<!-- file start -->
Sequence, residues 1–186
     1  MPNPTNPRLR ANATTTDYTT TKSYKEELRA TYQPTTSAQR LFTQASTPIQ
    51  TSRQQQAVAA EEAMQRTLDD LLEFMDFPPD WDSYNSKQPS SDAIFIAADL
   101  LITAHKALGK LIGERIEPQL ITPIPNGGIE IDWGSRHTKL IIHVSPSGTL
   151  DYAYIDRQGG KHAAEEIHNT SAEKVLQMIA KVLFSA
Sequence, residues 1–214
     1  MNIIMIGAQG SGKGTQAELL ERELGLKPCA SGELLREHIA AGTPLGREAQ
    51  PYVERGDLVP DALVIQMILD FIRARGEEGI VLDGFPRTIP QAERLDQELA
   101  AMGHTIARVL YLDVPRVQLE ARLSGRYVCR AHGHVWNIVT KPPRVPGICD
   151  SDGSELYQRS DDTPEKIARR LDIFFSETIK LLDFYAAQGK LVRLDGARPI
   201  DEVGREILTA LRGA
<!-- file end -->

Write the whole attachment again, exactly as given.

Sequence, residues 1–186
     1  MPNPTNPRLR ANATTTDYTT TKSYKEELRA TYQPTTSAQR LFTQASTPIQ
    51  TSRQQQAVAA EEAMQRTLDD LLEFMDFPPD WDSYNSKQPS SDAIFIAADL
   101  LITAHKALGK LIGERIEPQL ITPIPNGGIE IDWGSRHTKL IIHVSPSGTL
   151  DYAYIDRQGG KHAAEEIHNT SAEKVLQMIA KVLFSA
Sequence, residues 1–214
     1  MNIIMIGAQG SGKGTQAELL ERELGLKPCA SGELLREHIA AGTPLGREAQ
    51  PYVERGDLVP DALVIQMILD FIRARGEEGI VLDGFPRTIP QAERLDQELA
   101  AMGHTIARVL YLDVPRVQLE ARLSGRYVCR AHGHVWNIVT KPPRVPGICD
   151  SDGSELYQRS DDTPEKIARR LDIFFSETIK LLDFYAAQGK LVRLDGARPI
   201  DEVGREILTA LRGA